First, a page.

In a number of European cities, BMW already operates under the DriveNow program, which is getting revamped to better suit the US marketplace. Up until December, BMW made DriveNow available to San Francisco customers, but was forced to pull out due to parking space issues that are characteristic to SF. Perhaps Seattle makes things easier for BMW, though parking in any major metro area is sure to present some level of difficulty.
BMW's idea is to offer pay-per-use pricing for driving a BMW 3-Series, BMW i3 electric vehicle or a Mini, which can be picked up from a street corner either by a 30-minute reservation or on-the-go, depending of the user's needs. Flexibility is key, whether you need a car for just a short while or for a longer weekend trip. The Seattle fleet will consist of 370 vehicles distributed across town.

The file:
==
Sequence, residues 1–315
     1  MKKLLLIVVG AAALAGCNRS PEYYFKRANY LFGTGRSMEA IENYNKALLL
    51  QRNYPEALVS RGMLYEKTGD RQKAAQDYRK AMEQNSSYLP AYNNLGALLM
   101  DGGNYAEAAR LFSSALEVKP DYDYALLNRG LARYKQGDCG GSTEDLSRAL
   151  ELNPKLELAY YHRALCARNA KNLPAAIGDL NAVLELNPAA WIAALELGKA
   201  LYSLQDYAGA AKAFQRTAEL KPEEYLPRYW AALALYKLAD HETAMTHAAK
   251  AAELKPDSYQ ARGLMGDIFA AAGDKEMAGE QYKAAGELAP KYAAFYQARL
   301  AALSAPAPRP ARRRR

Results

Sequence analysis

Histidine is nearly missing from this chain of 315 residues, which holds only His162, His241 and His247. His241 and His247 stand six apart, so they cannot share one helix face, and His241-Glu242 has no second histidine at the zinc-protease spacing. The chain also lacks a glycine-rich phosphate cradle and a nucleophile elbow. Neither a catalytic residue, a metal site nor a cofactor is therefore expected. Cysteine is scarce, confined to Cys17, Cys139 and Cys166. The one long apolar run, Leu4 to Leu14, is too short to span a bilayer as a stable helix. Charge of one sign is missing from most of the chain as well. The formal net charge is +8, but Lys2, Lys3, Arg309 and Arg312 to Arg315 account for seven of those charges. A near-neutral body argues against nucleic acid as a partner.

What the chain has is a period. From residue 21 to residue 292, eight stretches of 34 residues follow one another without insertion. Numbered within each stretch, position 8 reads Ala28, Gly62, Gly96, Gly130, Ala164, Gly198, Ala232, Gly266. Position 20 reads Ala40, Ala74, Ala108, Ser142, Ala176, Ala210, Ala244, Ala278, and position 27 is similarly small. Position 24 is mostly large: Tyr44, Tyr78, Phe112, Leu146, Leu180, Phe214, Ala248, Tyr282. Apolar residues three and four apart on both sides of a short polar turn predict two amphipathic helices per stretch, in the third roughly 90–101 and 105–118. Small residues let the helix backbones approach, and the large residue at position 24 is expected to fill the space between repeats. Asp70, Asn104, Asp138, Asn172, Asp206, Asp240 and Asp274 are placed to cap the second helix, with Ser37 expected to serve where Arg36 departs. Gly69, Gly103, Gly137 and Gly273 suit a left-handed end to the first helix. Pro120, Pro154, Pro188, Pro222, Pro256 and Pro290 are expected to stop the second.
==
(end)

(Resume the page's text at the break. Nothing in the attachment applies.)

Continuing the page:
Later on, the service will expand to offer taxi-like ride sharing, to compete with Uber. As the glimmer of car ownership has faded in big cities, BMW wants to make sure it can still put people behind steering wheels or in the back seats. Luxury vehicle ride sharing is also on the cards, seemingly as a way to balance out the decidedly utilitarian choice of cars currently available.